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Looking at what few animations I can find that depict two rotor engines, it's difficult to try and see where in the combustion cycle peak torque happens. I am hamstrung by my ignorance of the behavior of the igniting fuel charge. It does appear that the compression action in the Wankel is counteracted by the combustion (talking specifically about the two rotor here...), but as you pointed out, the same appears true in the four cylinder and it usually goes negative. I have noticed that the published torque curve charts that have much lower max/mean torque ratios are also very low compression engines, like in around the 5 to 1 range.
Gas engines in both piston and rotor types will extract the most power from a measure of fuel by having peak pressure occur at min combustion chamber volume. If the peak is earlier, it makes some negative power before reaching TDC or the equivalent, as well as potentially damaging knock, etc. If the peak occurs late, you have less work done wit the gas expansion, and more energy leaves in the exhaust gas. One thing done in road going diesels and rotaries is late ignition to keep peak temps down to help reduce NOx emissions, not an issue we worry over in airplanes. Thermodynamic theory tells us the efficiency of a machine goes up when we raise the difference between source temperature and sink temperature, so doing things to reduce source temperature (late ignition reduces peak pressures and peak temperatures) reduces efficiency.

This whole thing about "not going negative" on torque is nonsense. Let's get into why:

You still get accels and decels that ARE periodic vibration, no matter how many firing pulses per rev you get;

Accels at frequencies define the amplitude of the vibration. We are not talking force or torque here, just the movement. The amplitude of this vibration is proportional to acceleration and inversely proportional to frequency squared (amplitude prop to alpha/omega^2);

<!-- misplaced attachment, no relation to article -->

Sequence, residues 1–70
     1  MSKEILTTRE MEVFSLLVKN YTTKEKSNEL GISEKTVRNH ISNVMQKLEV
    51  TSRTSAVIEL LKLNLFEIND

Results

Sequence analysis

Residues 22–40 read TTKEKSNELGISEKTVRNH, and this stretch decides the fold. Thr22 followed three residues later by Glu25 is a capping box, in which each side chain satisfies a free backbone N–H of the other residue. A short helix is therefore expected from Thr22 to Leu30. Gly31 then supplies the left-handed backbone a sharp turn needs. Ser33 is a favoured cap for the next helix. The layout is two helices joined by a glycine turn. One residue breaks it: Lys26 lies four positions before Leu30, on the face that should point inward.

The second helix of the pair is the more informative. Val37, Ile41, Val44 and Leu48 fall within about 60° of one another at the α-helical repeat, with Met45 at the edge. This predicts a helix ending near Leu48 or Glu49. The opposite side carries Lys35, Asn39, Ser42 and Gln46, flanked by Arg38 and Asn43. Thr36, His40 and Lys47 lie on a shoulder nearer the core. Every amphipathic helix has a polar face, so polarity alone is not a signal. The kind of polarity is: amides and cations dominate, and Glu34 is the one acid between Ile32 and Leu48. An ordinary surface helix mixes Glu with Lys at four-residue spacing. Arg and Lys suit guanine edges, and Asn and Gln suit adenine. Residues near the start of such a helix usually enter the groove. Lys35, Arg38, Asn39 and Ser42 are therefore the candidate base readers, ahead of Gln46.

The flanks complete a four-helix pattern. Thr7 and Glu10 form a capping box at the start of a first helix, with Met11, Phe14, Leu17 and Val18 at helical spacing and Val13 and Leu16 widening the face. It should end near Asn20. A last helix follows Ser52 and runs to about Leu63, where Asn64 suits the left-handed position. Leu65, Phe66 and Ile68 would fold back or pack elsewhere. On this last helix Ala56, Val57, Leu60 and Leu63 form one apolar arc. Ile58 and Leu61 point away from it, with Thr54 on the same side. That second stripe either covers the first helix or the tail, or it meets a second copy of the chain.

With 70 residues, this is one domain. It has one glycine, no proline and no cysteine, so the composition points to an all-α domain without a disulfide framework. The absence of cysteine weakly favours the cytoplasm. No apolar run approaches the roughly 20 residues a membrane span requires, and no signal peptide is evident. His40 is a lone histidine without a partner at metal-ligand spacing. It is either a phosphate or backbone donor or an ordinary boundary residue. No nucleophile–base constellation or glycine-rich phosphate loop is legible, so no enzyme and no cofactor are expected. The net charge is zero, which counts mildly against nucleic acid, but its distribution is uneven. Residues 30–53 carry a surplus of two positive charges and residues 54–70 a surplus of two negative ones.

In a system f/fn>>1, the soft spring system will smooth the engine's output speed change to a modest ripple, and downstream elements will generally stay loaded. Cars/trucks, helicopter anti-rotation tail rotor systems, electric powerplant steam turbine/dynamo systems, jet and turboprop engines, and lots of other systems are soft systems with either very high input vibration frequencies (jet engines) or unavoidably soft systems (helo tail rotor shafts). True, almost all of these have stiff sub-systems in them, but if you put in isolation elements between vibe source and stiff subsystems, there is little vibe input to deal with in the stiff subsystem;

In a system where f/fn<1 the entire system will see some amplification of the engine speed change, depending upon how close f is to fn, As f/fn approaches 1, resonance is happening and amplification gets BIG;

In a stiff system, the system must be very stiff to achieve the needed Fn above highest f from the vibe source, and so has little deflection between unloaded and loaded states. So they are vulnerable to being unloaded during normal vibration. At high speed (f/fn > 0.5) we get some amplification, but the stroke gets smaller. At low speed (f/fn near zero), transmitted vibration is close to input vibration, input vibration stroke can be large even when the acceleration is moderate. Lucky for us, in a system driving a propellor the mean torque is tiny at low speed (prop torque is proportional to speed squared), so we may have only modest amplitudes down there;

In a geared stiff system, the lash is vulnerable to being unloaded. Low lash designs can make the impact energy from unloading tolerable, but still require large gear teeth and beefy surrounding structures. Since this is all consistent with stiff system design, it can work. And since props can only carry low torque where strokes are larger, and can only carry high torque where strokes are reduced, stiff systems, even geared ones, have a chance...

Now in all of this discussion, I talked about vibration movement which makes the local loads that we have to worry about. The only place I talked about negative torque,was in the origin of the engine eccentric or crank vibrating. Once we have the vibration, it is all how far it moves on each cycle.

Smart folks have taken a PSRU that has been successful in a 200 hp piston four, and failed it when applying it to a 200 hp 2 rotor Mazda. If you were to believe Yamamoto, you would say that the Wankel should go easier on the PSRU, but it is not. You think something is going on with the Wankel that is not going on in piston four? I think so. I will read the treatise yet, but there are airplane parts to build and a motorcycle to ride and bedrooms to paint. In the end, I will pick and engine and PSRU on demonstrated success, and let the theory take care of itself when I fly it.

Billski